Spanish yields have moved above the critical 7% threshold while the EUR has tanked versus USD and on the crosses as it increasingly takes on a funding currency role and makes its way towards the 1.20 level versus USD that I expect it to test soon.

Hopes of further monetary stimulus, especially in the US and China have provided some support to markets recently but the provision of drugs will not cure the patient this time around. Even relatively decent US corporate earnings, with around 2/3 of S&P earnings released beating admittedly lowered expectations so far, have failed to stop the rout.

Big cap defensive and high dividend companies have fared well, giving a degree of resilience to US equities which are up over 8% (S&P 500) this year, but with around 171 companies set to deliver results this week it is not clear that this will continue.

Weakening US data, with a deceleration in US Q2 GDP set to be revealed this week will provide more evidence that US economic momentum is slowing. Nonetheless, as long as US Fed quantitative easing is not an imminent prospect the USD will likely find plenty of support as risk aversion creeps back into the market psyche.

Why is the Swiss franc so strong?

All eyes remain focussed on Greek developments today as the country vacillates towards acceptance of further austerity measures in order to gain the Troika’s (EU, IMF, ECB) approval for a second bailout for the country. The stakes are high with a potential disorderly default and Eurozone exit on the cards should no agreement be reached.

Against this background market nervousness is intensifying as reflected in the slippage in global equity markets and drop in risk assets in general overnight. The data and events slate today includes an RBA policy meeting and German industrial production, but neither of these will be significant enough to deflect attention and calm fraying nerves as markets await further Greek developments.

Contrary to many commentaries, the fall in EUR/CHF cannot be attributed to higher risk aversion (it has had a low correlation with my Risk Aversion Barometer over recent weeks). Instead, EUR/CHF is another currency pair that is highly correlated with interest rate differentials. Indeed, its high sensitivity provides a strong explanation for the drop in EUR/CHF since mid December 2011. This move has occurred despite an improvement in risk appetite over this period, a factor that would normally be associated with CHF weakness.

The implied interest rate futures yield advantage of the Eurozone over Switzerland has narrowed by around 47 basis points since mid December 2011. This is a problem for the Swiss National Bank, who will increasingly be forced to defend its 1.20 line in the sand for EUR/CHF. However, given that the drop in EUR/CHF has closely tracked yield differentials, any intervention is likely to have a limited impact unless there is renewed widening in the yield gap.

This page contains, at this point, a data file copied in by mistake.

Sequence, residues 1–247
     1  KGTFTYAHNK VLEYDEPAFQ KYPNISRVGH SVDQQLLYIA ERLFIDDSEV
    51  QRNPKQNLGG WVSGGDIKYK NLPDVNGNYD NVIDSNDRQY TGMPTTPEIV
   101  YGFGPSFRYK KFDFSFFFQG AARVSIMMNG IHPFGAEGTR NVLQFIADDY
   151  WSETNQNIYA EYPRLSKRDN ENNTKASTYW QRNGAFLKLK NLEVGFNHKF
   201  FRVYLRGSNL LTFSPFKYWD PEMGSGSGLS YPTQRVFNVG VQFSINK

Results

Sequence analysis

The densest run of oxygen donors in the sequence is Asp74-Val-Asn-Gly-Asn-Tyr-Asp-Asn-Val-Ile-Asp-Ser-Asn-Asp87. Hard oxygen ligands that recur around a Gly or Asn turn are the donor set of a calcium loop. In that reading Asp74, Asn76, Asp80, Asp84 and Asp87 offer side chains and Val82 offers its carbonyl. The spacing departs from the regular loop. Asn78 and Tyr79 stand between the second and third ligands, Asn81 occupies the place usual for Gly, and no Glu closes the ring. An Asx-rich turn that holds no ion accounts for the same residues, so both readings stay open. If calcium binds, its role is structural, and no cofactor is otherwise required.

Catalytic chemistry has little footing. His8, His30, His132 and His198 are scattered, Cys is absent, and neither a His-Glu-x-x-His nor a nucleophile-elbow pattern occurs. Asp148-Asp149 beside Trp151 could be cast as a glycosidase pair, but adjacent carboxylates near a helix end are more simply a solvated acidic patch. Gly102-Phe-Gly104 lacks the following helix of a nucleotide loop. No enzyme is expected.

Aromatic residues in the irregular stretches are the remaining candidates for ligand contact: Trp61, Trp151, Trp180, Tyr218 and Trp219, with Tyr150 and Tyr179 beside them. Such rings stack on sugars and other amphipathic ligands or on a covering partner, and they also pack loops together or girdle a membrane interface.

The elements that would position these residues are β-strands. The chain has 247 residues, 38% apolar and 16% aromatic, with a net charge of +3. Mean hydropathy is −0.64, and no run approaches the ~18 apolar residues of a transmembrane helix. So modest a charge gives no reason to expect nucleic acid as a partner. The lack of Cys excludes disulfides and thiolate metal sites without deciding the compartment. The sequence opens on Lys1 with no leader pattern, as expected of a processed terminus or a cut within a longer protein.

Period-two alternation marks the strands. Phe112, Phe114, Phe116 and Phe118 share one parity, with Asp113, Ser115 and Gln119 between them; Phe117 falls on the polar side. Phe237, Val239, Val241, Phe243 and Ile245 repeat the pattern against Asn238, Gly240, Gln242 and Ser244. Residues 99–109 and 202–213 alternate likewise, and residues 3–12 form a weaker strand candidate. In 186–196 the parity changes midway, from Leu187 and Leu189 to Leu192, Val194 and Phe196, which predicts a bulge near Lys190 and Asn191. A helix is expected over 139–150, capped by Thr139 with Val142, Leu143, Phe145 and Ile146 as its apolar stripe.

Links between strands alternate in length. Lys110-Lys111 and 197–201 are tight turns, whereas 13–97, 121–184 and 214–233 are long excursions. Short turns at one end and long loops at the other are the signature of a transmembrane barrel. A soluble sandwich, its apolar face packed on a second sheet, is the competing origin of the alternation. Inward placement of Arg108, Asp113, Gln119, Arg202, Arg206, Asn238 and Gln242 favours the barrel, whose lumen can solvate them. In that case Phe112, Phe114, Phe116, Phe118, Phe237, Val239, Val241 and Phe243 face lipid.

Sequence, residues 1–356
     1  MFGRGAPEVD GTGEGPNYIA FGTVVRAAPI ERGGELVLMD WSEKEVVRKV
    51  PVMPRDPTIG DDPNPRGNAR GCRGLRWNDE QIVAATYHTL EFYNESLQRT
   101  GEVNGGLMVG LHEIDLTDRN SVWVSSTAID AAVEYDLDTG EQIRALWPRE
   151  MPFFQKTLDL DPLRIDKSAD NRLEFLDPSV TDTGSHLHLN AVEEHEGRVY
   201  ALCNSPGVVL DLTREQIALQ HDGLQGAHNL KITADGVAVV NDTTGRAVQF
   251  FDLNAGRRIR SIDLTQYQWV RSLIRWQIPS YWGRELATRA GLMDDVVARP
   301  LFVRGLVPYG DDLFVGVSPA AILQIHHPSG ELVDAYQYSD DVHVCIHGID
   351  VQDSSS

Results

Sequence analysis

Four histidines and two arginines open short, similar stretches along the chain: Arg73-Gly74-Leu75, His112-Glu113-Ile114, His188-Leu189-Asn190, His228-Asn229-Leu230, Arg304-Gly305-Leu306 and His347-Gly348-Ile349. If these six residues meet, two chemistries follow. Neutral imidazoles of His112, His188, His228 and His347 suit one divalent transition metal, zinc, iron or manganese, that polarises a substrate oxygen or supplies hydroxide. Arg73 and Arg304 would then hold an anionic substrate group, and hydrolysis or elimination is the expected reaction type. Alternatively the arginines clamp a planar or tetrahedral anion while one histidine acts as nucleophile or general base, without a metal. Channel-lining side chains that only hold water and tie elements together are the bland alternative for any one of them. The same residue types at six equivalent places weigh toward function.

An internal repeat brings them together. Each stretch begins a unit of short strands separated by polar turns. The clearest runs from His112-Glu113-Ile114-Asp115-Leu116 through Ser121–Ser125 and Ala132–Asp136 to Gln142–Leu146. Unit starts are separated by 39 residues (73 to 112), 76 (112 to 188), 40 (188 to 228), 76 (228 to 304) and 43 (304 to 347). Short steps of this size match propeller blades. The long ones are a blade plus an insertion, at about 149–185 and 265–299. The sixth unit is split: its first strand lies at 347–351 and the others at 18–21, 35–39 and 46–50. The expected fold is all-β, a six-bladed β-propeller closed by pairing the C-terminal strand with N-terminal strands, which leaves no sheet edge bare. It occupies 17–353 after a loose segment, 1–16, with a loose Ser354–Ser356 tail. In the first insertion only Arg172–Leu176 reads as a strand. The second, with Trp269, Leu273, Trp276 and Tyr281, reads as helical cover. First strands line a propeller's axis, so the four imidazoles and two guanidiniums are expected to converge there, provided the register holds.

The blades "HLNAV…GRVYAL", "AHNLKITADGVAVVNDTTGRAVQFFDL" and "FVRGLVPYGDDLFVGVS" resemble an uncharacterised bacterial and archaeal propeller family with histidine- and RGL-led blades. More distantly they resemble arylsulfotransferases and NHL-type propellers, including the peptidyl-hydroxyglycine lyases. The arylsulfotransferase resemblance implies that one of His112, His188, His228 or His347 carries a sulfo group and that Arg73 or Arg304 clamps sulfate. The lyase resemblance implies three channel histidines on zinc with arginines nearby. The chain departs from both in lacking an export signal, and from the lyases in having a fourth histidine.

Plenty of event risk

This week is heavy with event risk, with a lot expected from EU leaders. So far the risk on tone to markets has held up, with for example the VIX fear gauge resting below the key 30.0. The G20 meeting over the weekend set the deadline for action for concrete solutions to the eurozone debt crisis for the October 23 EU Summit.

However, there will be little detail on issues such as banking sector recapitalisation, private sector involvement in any debt restructuring or ‘leveraging’ the EFSF bailout fund until the report on Wednesday night by the Troika on Greece. The reward to EU leaders would be the potential for more aid from the IMF but even now it seems that a German government official has poured cold water of a plan being announced at the EU Summit which will disappoint markets.

There are also plenty of data releases for markets to digest over coming days including inflation releases, manufacturing surveys and industrial production data in the US while in Europe the German IFO and ZEW surveys are scheduled for release. The data will follow on from the better than expected September US retail sales releases at the end of last week continuing to dampen expectations that the global economy is falling in recession though there will be a marked deceleration in European data.

Meanwhile the US Q3 earnings season rolls. The risk on tone will likely continue to weigh on the USD and weigh on bonds but unlike a few weeks ago when a lot of bad news was priced in, the scope for disappointment is becoming increasingly high.

Many currencies remain highly correlated with gyrations in risk and in this respect the improvement in risk appetite is good news for high beta / commodity. AUD, NZD, CAD and JPY are amongst the most sensitive currencies and therefore prone to a bigger reaction as risk improves, with the former three strengthening and the JPY weakening. Asian currencies poised to benefit from firmer risk appetite include INR and KRW, both with relatively high correlations with risk.